But having made many watch parts, I know of no way to make them accurately with engraving tools or tooling. They are originally made with specialized Micro machine tooling (Where Machining is used) that has proven far superior to other methods.
    Having already constructed a bar stock watch movement, I can tell you that at times, you will need to use various types of Endmills down in the .010" or .25mm range for smaller watch parts. While no issue for machines designed for the use of this type tooling, I have found no need to try their use in a Pantograph. However, I suspect that a .010" or .25mm stylus and endmill may only last about two or three seconds in a hand operated pantograph without a lifetime of developed skill.

    If you have not witnessed anyone make watch parts to your satisfaction in person on a pantograph, I would suggest doing so before parting with your money.


    Jerry Kieffer
     
  8. motormaker

    motormaker Registered User

    Apr 5, 2010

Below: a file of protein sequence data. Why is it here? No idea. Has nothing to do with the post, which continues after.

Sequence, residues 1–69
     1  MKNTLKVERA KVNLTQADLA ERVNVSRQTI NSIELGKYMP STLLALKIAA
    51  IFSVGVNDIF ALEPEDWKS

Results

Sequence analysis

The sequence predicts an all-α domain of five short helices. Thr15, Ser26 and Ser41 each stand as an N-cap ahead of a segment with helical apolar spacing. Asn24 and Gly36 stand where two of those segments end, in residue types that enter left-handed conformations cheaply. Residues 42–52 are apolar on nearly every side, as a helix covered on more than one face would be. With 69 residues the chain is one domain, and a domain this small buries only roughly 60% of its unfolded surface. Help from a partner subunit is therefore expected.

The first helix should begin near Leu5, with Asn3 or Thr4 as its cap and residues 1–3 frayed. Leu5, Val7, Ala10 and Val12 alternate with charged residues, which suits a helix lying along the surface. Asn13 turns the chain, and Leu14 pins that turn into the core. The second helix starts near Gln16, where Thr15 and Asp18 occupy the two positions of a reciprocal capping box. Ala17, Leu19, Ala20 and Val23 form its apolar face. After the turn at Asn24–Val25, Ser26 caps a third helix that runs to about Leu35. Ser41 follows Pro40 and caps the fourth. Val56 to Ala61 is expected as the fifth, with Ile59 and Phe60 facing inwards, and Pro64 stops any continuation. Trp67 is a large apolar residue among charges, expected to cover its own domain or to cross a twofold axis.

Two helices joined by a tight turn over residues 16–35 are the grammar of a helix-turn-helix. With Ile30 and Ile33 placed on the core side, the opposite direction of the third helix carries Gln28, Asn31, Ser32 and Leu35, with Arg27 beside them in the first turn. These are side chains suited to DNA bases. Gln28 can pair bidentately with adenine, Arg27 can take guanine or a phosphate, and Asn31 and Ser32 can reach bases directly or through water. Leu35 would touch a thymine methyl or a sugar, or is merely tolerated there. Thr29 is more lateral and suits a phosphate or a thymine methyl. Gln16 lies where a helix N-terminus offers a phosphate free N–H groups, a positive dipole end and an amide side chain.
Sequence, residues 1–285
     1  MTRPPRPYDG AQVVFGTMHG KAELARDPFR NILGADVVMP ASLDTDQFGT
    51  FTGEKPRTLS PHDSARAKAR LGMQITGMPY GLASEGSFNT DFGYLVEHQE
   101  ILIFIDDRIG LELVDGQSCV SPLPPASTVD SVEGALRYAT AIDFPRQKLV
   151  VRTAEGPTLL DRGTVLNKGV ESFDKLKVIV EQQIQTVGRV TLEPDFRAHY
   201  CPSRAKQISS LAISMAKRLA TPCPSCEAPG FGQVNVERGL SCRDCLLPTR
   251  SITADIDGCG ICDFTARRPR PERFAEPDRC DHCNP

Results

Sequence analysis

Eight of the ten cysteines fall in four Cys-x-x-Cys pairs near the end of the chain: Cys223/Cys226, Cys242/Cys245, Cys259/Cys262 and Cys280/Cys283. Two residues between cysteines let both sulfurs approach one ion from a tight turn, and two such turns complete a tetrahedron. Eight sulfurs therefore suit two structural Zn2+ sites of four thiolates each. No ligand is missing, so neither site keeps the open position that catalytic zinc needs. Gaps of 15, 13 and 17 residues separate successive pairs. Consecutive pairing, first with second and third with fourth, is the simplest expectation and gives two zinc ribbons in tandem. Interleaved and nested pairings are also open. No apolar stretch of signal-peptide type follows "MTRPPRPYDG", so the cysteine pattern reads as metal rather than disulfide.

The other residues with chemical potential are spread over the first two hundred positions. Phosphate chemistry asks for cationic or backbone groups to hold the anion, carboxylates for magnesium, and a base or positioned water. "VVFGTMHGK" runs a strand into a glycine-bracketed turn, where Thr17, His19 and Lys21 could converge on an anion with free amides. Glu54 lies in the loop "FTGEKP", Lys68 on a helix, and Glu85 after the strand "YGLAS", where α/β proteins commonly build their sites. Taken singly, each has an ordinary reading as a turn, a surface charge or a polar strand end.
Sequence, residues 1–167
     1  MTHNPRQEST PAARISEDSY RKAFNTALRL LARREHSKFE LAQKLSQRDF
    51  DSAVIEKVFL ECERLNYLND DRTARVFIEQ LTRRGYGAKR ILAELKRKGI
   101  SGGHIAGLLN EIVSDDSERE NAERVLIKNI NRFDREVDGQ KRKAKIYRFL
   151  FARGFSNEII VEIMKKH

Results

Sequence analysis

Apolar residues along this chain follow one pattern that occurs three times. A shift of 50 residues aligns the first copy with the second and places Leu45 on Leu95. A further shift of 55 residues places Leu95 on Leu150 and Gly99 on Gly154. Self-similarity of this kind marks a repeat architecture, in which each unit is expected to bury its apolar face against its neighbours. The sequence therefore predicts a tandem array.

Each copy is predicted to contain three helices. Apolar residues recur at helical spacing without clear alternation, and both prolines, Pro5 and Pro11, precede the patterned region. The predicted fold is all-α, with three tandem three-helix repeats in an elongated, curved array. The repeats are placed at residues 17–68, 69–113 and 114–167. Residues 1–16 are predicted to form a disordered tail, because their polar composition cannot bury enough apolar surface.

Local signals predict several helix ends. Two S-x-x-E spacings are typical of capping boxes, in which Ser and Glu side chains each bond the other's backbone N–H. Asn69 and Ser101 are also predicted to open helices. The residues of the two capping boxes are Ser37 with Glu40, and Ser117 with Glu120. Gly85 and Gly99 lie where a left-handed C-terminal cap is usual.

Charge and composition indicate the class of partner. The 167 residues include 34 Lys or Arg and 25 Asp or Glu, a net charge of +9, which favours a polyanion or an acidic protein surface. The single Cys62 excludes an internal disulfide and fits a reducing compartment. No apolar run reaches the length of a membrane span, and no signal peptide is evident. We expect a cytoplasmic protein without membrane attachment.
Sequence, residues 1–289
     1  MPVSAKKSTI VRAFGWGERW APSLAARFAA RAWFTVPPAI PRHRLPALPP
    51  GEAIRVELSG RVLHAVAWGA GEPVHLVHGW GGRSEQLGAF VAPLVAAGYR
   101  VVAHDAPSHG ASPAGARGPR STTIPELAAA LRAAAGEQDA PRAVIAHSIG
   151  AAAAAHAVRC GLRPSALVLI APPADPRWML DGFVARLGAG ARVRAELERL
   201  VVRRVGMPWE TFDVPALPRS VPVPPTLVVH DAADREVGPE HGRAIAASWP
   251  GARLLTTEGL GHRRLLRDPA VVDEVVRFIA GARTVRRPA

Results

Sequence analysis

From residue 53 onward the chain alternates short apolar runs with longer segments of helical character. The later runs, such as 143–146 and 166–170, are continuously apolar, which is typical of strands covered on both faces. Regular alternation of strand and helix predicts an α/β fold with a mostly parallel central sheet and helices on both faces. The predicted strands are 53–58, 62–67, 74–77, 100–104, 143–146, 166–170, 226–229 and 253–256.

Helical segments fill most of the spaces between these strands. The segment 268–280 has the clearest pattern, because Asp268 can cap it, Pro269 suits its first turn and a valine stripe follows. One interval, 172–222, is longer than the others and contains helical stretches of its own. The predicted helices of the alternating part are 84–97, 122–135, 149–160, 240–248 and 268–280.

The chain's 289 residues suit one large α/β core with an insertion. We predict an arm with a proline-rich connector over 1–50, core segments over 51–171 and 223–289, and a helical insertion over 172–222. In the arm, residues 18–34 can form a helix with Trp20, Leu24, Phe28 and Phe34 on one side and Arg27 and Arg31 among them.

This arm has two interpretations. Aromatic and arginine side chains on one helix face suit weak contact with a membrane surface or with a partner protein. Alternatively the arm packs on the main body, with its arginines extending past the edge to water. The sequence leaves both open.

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    I have and regularly use a Gorton 3U pantograph. If I was making a "run" of the same design, I might consider using it for making parts. Each part requires a good template. For one off items, it would be a very inefficient method of working. To easily make the custom templates, I would cut them by CNC which kind of defeats the idea of using the pantograph for such work. Having said this, it could be efficient for crossing out wheels if you used the same cross out shapes on several wheels. Changing the size ratio is quick and easy. All you would need is a set of sector shape templates and rotate the wheels to cut out the sections. Varying the sizes as needed is fast, accurate, and easy with a better pantograph - not a little desktop unit. For such work you will most likely need to grind some of your own tooling too. I have made wheels with the cross out sections shaped like bats. These sections do not have to be shaped like slices of pie. The costs of a good pantograph and grinder can rapidly add up. Consider this carefully.